A good name is more desirable than great riches; to be esteemed is better than silver or gold (Proverbs 22:1).
In this passage, “a good name” is referring to a good reputation…but in Hebrew culture, the name itself was just as important as the person and reputation it represented.
Names were meant to describe the individual. Often, parents chose names based on their hopes for the future of their child. There were many times when God changed the names of those who followed Him to better suit the plan He had for their lives. Simon became Peter, meaning “a rock.” Abram became Abraham, meaning “father of a multitude.”
Likewise, when we are “born again” we receive a new name — Christian, meaning, “follower of Christ.”
I once heard a story of young man who died from a motorcycle accident. While I personally didn’t know him, I knew many people who did and heard his story. At the time of his death, the boy had been in a relationship with a young woman who was an atheist. While her boyfriend’s death had been hard on her, from the tragedy she gathered comfort from the Savior and became a Christian. The boyfriend’s name was Jesse. Jesse means “God exists.”
How cool is that?
On the other hand, not everyone was given a name of honor. Take Jacob, for example. His name means “supplanter” or “usurper”–one who wrongfully seizes the place (throne) of another. And boy, does his name fit him! In Genesis 25, we see that Jacob exchanged stew for his starving older brother’s birthright, and in chapter 27, we see how Jacob tricks his near-blind father into bestowing that birthright upon him.
So, must we always live up to our names? Some people may need to live their name down. For instance, my name, Leah, means “weary.” I certainly don’t want to go through life as a weary person…and many times when I go through somewhat weary spells, it feels as if I will. It’s something I have to fight–I have a name to live down. Ironically, my middle name is Kay, which means “Joyful.” This gives me hope as I strive for an attitude of joy through the weariness I sometimes face.
Although Jacob’s story begins with him living up to his wretched name, ultimately he lives it down when he receives the name Israel, meaning “Prince of God.” Israel is very much like a prince. He later fathers a vast nation chosen by God, much like the eldest prince is chosen by the king to lead. This vast nation also takes the name Israel.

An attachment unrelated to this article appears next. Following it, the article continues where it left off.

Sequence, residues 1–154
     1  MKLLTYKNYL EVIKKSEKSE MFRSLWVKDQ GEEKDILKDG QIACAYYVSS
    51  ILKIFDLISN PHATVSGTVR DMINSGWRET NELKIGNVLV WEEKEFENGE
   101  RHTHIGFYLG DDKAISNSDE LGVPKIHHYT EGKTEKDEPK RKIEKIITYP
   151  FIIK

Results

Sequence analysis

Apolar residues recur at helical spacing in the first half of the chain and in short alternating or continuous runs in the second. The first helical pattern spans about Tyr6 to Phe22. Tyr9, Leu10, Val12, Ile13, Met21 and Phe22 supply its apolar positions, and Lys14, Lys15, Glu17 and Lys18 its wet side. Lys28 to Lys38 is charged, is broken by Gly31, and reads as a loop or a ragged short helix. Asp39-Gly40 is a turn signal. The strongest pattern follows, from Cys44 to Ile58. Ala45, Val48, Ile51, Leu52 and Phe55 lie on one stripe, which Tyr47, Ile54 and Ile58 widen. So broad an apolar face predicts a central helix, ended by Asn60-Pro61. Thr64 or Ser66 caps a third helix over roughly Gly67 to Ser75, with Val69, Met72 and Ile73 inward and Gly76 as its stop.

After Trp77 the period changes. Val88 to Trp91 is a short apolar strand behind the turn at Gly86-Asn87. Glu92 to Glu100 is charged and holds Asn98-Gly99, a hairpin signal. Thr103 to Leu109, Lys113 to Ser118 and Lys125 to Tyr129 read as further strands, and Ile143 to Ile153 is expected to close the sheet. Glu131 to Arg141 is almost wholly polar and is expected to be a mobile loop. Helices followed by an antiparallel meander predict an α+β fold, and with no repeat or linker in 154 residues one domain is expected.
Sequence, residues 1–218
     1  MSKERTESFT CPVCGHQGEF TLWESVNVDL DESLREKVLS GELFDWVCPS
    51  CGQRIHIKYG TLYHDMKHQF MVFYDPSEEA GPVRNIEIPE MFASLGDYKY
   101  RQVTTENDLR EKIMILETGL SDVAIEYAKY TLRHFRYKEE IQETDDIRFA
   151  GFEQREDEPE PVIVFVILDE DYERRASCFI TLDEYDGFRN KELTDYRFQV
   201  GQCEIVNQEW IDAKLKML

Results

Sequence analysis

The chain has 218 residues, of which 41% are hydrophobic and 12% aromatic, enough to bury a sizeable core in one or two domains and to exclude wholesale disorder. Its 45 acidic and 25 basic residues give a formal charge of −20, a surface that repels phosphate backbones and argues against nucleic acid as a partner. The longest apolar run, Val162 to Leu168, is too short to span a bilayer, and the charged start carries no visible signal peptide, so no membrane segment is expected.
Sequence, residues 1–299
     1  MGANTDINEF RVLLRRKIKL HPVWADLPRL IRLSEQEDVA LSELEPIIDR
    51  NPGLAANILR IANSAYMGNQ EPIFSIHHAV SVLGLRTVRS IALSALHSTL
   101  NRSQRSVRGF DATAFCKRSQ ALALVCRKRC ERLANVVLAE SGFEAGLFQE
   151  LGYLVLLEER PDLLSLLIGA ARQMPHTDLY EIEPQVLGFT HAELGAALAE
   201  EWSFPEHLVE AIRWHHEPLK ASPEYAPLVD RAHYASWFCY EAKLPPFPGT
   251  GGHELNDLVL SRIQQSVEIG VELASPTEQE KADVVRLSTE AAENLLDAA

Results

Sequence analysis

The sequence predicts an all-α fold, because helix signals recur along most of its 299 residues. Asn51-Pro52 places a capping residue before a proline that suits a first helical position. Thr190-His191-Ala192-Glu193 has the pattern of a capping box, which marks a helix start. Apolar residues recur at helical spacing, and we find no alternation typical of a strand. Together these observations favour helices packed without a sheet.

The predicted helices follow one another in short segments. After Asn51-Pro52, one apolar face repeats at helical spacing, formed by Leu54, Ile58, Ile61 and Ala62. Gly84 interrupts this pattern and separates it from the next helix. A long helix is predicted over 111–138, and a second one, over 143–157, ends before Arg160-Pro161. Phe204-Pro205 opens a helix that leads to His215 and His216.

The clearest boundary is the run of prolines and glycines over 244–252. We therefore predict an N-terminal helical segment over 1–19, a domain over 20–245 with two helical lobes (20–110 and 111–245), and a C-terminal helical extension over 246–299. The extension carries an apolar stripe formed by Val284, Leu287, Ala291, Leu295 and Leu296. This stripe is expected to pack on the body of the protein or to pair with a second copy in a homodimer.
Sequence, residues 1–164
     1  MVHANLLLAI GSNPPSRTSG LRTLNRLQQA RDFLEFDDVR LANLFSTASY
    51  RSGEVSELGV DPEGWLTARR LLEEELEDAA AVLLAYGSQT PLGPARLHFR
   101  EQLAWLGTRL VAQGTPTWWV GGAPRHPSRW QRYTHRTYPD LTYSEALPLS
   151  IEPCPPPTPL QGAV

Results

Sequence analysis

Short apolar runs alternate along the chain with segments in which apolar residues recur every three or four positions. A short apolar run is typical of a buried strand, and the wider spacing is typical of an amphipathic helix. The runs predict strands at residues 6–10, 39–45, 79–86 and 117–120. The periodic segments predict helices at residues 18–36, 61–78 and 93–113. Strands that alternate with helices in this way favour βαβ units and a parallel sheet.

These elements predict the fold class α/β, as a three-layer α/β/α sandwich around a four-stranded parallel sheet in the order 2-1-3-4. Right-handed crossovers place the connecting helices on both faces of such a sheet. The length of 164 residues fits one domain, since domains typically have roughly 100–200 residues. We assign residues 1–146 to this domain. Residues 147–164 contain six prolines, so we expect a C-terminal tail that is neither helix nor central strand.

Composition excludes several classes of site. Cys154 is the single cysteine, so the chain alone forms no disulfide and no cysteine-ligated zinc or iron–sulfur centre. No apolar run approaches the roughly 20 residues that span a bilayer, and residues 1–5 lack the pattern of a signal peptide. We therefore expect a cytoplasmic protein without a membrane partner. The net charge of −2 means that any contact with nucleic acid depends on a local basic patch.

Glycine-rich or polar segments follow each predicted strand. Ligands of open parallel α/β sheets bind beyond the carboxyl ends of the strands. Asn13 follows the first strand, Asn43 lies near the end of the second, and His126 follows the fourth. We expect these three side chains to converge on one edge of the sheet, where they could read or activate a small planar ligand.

So what does your name mean? If it’s honorable, do you live up to it? If it’s not so honorable, can you/do you live it down? What if your name doesn’t seem to have much of a meaning at all?
If your name is like Brooke, meaning “stream,” you may be dismayed at first. It doesn’t seem to carry much importance. But what about for ancient civilizations? Streams and other small bodies of water were at the center of all cultures. People couldn’t survive without the water that these streams provided.
Do a little research on your name. If you have the name of a Biblical character, read their story and learn about the type of person they were.
Also, take the time to meditate on the name of God. The Bible calls Him many names, and each shows a different face of our Lord.
A few of the many names of God:
Jehovah-tsikenu: Jehovah our righteousness
Jehovah-m’kaddesh: the Lord who sanctifies
Jehovah-shalom: God our peace
Jehovah-shammah: the Lord who is here
Jehovah-rapha: Jehovah heals
Jehovah-Jireh: the Lord my provider
Jehovah-nissi: Jehovah my banner
Get to know Him better by getting to know His names. Strive to imitate them. Strive to be a David, a man after God’s own heart. And strive to create for yourself a holy image so that one day your name will be remembered for all the good that you’ve done.
Some common names and their meanings:
Jenna: “Small Bird”
Caitlin: “Virginal Beauty”
Makayla: “Who is like God?”
Elizabeth: “My God is a vow”
Written by PI Girl, Leah